This science fiction whodunit blew me away and is every bit as good as the awesome Planetfall. It starts out as one sort of story and steadily morphed into something else, all the while giving us an insight into what makes Carlos tick. He is entertainingly grumpy about all authority figures – and then… something happens – a gamechanger that had me yelping in horror and unable to put the book down. And as for that ending – wow!

Mira’s Last Dance – Book 4 of the Penric and Desdemona novella series
In this sequel to the novella Penric’s Mission, the injured Penric, a Temple sorcerer and learned divine, tries to guide the betrayed General Arisaydia and his widowed sister Nikys across the last hundred miles of hostile Cedonia to safety in the Duchy of Orbas. In the town of Sosie the fugitive party encounters unexpected delays, and even more unexpected opportunities and hazards.
Another gem from one of the leading speculative fiction writers of our time. This series is wonderful – Penric has continued to change and develop since as an idealistic young man, he inadvertently acquired a demon he calls Desdemona. This story follows on immediately from Penric’s Mission so my top tip would be to read that one first before plunging into this one. Better still, start at the beginning with Penric and the Demon. Each one doesn’t cost more than a cup of coffee and are worth every penny.

Blood upon the Sand – Book 2 of The Songs of the Shattered Sands by Bradley Beaulieu
Çeda, now a Blade Maiden in service to the kings of Sharakhai, trains as one of their elite warriors, gleaning secrets even as they send her on covert missions to further their rule. She knows the dark history of the asirim—that hundreds of years ago they were enslaved to the kings against their will—but when she bonds with them as a Maiden, chaining them to her, she feels their pain as if her own. Çeda could become the champion they’ve been waiting for, but the need to tread carefully has never been greater.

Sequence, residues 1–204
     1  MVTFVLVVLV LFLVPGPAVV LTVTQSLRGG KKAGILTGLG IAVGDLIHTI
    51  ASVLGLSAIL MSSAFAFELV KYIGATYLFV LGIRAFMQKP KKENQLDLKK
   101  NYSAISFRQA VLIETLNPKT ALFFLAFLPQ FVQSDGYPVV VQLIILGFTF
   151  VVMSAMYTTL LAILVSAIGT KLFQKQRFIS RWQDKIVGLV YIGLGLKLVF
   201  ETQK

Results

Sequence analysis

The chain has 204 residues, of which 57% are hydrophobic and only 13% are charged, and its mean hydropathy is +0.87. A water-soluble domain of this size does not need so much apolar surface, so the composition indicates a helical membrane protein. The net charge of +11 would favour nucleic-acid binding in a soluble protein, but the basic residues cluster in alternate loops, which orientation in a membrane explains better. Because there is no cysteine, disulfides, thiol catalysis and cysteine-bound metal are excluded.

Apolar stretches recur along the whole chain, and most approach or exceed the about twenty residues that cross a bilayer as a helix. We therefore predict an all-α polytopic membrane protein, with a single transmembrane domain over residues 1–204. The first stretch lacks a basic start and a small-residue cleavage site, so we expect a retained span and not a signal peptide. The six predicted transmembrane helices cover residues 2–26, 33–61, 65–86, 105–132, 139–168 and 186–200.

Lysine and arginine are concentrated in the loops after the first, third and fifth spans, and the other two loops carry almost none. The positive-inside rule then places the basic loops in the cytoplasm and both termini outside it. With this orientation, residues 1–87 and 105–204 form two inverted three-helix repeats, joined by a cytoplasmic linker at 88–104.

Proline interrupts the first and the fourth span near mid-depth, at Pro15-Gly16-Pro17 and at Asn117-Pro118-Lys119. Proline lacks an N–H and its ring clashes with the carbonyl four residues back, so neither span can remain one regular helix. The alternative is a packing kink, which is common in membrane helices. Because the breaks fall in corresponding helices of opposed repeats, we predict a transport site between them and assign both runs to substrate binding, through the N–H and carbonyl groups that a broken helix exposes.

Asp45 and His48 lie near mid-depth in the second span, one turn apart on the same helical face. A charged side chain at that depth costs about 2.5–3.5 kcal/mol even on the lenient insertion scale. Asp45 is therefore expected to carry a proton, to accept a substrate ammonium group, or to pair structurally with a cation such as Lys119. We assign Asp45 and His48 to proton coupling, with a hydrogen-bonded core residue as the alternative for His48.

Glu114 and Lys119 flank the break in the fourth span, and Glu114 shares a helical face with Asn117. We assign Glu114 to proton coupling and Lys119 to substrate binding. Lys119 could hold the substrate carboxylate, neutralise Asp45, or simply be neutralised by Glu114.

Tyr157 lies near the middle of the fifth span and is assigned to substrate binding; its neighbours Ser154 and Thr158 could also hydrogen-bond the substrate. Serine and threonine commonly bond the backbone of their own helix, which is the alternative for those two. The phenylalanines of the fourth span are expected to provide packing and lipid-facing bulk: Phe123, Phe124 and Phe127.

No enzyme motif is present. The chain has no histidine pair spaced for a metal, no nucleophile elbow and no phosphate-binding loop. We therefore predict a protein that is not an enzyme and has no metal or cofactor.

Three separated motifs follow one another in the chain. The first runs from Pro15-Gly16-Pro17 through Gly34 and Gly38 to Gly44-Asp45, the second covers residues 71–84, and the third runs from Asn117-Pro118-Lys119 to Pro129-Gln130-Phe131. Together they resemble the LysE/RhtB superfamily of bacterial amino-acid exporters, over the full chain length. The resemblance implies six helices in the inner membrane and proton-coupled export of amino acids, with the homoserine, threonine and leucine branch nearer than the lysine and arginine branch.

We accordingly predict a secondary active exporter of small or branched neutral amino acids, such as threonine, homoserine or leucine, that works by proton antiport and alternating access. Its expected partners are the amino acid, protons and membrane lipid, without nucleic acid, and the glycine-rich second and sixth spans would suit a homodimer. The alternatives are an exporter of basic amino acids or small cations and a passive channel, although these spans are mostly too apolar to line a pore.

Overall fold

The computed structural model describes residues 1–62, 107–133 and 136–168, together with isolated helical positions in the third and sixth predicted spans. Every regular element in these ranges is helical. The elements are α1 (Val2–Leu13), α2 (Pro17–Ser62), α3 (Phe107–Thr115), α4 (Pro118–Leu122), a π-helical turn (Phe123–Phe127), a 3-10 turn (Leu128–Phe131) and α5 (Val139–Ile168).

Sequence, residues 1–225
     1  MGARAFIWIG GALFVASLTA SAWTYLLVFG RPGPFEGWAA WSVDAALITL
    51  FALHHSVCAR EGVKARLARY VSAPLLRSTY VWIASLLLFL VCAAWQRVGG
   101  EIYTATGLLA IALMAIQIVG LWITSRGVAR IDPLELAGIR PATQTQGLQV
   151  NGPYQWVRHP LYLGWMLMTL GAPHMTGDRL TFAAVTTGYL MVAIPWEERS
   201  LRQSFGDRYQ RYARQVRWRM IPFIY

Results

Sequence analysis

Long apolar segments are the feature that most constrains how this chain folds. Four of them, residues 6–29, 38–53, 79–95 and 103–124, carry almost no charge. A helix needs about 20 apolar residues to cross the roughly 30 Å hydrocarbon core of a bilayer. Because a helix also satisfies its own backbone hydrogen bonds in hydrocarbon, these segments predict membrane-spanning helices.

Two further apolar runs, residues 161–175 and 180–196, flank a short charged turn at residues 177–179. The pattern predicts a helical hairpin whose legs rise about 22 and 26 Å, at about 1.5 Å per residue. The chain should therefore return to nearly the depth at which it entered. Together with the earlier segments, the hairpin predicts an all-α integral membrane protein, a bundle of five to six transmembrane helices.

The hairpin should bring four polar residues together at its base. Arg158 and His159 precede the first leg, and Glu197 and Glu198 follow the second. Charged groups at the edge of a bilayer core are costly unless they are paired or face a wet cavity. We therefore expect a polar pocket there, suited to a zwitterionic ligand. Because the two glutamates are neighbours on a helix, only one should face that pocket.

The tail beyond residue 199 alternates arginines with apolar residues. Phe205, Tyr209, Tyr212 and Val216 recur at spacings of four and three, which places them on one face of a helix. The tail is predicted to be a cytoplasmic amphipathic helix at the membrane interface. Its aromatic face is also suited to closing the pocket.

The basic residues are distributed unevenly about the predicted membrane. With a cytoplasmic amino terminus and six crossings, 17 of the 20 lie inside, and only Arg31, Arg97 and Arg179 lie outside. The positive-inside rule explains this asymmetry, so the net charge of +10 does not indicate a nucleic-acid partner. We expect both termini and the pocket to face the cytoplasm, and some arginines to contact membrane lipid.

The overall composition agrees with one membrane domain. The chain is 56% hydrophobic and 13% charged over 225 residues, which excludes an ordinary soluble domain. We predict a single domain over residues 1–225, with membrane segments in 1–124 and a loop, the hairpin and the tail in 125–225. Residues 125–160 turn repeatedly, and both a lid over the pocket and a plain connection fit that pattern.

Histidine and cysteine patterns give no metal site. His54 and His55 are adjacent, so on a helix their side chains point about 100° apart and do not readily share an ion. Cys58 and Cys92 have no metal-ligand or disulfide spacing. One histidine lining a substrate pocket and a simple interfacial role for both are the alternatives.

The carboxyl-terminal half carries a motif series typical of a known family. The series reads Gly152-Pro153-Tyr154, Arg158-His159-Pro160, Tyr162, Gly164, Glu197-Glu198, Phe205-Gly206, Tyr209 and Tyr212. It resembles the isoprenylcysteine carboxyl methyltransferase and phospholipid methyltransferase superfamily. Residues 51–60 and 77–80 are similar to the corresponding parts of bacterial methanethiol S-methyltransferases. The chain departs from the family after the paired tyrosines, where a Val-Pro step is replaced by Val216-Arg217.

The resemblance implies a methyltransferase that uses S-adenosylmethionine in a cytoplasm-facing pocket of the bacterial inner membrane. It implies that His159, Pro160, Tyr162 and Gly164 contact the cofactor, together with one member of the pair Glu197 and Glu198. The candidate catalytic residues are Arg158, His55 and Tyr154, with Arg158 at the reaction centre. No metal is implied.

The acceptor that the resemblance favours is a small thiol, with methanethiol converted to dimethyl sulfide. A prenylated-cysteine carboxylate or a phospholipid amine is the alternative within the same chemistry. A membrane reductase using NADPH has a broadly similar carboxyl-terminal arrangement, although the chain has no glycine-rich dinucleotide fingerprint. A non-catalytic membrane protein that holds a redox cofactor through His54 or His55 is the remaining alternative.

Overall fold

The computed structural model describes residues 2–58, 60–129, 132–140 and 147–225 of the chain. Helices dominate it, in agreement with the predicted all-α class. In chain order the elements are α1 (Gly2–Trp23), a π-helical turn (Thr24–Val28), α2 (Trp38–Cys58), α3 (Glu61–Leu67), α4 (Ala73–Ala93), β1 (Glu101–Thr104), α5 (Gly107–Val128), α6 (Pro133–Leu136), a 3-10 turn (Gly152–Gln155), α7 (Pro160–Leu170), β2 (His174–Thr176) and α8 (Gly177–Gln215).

This sand and sorcery epic fantasy doesn’t suffer from any second book slump after Twelve Kings as we continue to follow Çeda’s fortunes while she seeks a way to get close enough to the kings in order to bring them down. But they are every bit as powerful as myths say they are… This is a compelling world riven with factions and deep, corrosive secrets and I loved it.

My Parents Are Out of Control – Book 2 of the How to Train Your Parents series by Pete
Johnson
Louis doesn’t think much of it when his mum and dad ask him for tips on how to be cool. In fact, he thinks it’s pretty funny watching them bump fists and use words like ‘safe’, ‘sick’ and ‘wicked’. Until Dad turns up outside Louis’s new school dressed like a rapper, that is . . .
Suddenly they’re trying to friend Louis and all his classmates on Facebook, and wearing baseball caps backwards – IN PUBLIC. Louis and his best friend Maddy are horrified. Mum and Dad have taken things too far . . . and immediate action is needed!
After reading the hilarious How To Train Your Parents, it was a no-brainer that I would want to track down this sequel. Unlike many other children’s books, it puts Louis’s interaction with his parents right in the middle of the story. It makes for a funny, often poignant and engrossing tale with some shafts of wisdom about the intergenerational divide and modern family life.